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Central Texas Local News | kcentv.com

Austin woman can't pay rent as May approaches

Denise Seay was part of the one-third of Americans who couldn't pay April rent.

AUSTIN, Texas — Rent and mortgage payments are due in a few days and many Americans will once again not be able to pay them.

Nearly a third of tenants in the U.S. didn't pay their April rent, including people in Austin. Now, they're scrambling to figure out what to do for the next month.

Denise Seay cleans houses for a living, but not as many as before COVID-19. Seay said she lost many clients after the pandemic hit.

But after KVUE featured her on April 1, she got several offers and donations.

"I got three new jobs that are stable jobs," she said.

It was enough to pay her car note and some of her rent. But in a few days, Seay faces another round of bills she can't pay, and she doesn't know what to do.

"I still haven't completely paid last month's rent. I'm looking at a new month – new rent coming, new car payment, things are coming back around. I'm struggling again," she said.

RELATED: Austin cleaning woman receives community support

She's not alone. Austinites having the same issue reached out to KVUE through the Nextdoor social network.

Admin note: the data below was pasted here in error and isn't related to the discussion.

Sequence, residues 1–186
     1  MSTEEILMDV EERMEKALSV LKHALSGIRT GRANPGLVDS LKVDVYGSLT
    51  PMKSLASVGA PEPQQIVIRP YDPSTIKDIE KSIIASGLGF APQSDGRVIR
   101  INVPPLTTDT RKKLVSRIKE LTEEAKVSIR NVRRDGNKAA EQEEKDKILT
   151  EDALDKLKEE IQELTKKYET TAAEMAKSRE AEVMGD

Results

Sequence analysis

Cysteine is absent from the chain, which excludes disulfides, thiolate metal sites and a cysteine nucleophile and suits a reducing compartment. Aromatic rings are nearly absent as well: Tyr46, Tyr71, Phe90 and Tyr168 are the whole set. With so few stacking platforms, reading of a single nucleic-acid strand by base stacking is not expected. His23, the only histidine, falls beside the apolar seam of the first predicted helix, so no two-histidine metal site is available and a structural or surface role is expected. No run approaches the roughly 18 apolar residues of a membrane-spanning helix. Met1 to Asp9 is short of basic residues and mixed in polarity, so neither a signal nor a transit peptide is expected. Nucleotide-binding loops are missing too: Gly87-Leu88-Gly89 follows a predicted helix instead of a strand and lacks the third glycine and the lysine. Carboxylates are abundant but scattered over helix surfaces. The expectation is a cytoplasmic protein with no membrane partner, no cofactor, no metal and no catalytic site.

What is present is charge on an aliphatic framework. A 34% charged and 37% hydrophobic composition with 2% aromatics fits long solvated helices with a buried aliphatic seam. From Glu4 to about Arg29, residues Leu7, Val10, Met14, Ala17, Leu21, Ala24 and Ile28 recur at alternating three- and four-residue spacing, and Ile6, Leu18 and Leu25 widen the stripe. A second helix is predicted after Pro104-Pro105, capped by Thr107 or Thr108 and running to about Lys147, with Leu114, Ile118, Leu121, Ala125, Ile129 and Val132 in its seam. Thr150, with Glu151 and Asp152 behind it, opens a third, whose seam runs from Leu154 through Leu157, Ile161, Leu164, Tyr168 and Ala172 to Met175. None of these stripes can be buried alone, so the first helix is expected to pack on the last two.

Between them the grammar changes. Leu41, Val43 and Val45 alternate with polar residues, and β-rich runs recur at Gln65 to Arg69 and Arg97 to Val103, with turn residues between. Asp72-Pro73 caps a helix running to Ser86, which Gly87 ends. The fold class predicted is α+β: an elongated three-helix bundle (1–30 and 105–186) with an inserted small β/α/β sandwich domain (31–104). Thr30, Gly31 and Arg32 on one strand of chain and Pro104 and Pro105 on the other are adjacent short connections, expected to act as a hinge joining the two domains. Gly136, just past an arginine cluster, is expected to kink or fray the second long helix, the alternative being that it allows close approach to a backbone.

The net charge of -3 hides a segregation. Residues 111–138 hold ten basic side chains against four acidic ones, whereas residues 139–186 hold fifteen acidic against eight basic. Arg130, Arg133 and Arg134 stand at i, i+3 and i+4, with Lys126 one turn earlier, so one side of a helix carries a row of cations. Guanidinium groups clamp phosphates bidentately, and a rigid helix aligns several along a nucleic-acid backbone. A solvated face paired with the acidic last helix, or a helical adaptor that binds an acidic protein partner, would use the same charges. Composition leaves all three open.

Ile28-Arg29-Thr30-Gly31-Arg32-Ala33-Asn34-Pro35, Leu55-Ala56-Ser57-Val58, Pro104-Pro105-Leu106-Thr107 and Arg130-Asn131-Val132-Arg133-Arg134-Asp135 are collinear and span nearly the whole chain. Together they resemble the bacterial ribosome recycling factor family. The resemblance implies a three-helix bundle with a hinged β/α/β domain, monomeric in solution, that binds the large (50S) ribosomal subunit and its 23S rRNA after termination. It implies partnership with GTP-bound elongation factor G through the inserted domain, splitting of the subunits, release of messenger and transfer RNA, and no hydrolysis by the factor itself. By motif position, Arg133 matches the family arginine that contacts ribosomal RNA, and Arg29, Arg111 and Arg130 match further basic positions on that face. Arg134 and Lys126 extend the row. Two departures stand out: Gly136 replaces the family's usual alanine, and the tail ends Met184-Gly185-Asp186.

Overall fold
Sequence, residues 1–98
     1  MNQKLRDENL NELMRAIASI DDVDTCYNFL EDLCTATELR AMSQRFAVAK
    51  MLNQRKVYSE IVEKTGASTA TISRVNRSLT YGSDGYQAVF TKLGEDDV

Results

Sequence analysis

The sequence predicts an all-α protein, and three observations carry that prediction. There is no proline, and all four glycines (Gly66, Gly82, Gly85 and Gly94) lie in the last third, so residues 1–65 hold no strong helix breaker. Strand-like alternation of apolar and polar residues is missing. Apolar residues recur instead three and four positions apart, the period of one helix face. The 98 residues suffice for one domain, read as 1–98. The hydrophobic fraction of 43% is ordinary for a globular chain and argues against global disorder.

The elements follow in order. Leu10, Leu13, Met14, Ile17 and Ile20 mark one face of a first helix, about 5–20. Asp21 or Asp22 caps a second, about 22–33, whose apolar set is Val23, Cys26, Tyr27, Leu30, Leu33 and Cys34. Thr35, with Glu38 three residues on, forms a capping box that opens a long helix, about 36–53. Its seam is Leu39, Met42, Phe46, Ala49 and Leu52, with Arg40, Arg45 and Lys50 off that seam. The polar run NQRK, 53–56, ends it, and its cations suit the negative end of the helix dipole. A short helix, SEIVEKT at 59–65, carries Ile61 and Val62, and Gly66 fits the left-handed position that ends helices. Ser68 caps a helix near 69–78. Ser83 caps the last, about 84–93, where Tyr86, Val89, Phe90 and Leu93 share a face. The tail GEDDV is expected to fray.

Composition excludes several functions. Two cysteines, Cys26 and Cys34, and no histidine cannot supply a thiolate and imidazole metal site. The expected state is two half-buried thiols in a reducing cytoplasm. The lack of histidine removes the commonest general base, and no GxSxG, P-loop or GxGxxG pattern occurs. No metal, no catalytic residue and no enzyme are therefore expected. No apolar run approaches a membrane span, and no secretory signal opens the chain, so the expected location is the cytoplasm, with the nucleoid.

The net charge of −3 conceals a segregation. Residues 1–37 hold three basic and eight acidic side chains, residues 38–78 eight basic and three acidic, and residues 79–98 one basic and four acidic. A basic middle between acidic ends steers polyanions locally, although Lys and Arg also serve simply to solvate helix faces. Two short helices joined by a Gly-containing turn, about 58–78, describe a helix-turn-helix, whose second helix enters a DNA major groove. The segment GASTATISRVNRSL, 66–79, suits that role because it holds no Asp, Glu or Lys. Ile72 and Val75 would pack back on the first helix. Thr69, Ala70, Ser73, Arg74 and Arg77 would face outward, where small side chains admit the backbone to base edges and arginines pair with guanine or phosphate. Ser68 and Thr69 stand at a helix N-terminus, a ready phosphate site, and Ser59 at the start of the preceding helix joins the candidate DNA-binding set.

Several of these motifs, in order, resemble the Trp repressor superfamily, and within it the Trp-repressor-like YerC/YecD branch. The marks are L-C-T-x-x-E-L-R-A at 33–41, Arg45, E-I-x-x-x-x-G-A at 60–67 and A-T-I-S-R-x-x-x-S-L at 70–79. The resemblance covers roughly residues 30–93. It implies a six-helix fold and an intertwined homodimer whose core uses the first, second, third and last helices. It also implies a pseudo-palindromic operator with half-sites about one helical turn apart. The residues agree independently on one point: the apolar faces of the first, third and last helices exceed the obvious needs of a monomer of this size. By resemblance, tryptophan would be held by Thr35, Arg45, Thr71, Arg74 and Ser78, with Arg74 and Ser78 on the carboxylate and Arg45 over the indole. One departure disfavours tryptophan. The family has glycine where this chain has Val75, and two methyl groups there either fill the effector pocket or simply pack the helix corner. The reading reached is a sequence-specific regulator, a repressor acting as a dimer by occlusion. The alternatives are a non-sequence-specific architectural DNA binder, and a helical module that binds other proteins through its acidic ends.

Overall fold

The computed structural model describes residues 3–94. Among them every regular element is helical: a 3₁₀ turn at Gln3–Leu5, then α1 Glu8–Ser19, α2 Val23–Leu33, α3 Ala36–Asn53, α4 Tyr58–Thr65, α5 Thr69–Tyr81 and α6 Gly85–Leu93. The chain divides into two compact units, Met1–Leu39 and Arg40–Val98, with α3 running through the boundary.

One told us about her struggles after being hit by a car and then losing her job because of the COVID-19 pandemic. The Hyde Park woman won't be able to pay her May rent.

Another wrote and simply asked, "Where will people get the money to pay bills much less rent in May?"

RELATED: Travis County judge prohibits evictions, notices to vacate due to COVID-19

There's a federal bill that proposes to eliminate rent and mortgages for an entire year, as long as COVID-19 is around.

Seay said that sounds great but she has doubts.

"Is that reality? Is that something that's really going to happen?" Seay asked.

With little congressional support now, it's a good question.

RELATED: Second stimulus plan proposes to send Americans $2,000 per month for 6 months

In the meantime, Seay sees more panhandling on the streets, a new sign of the times.

"People are desperate," she said.

Last month, the Austin City Council passed an ordinance allowing a 60-day grace period on rental payments for tenants coping with effects of the coronavirus pandemic.

Two weeks ago, the council also passed the RISE fund, with money for low-income residents to help with essential needs and rental assistance.

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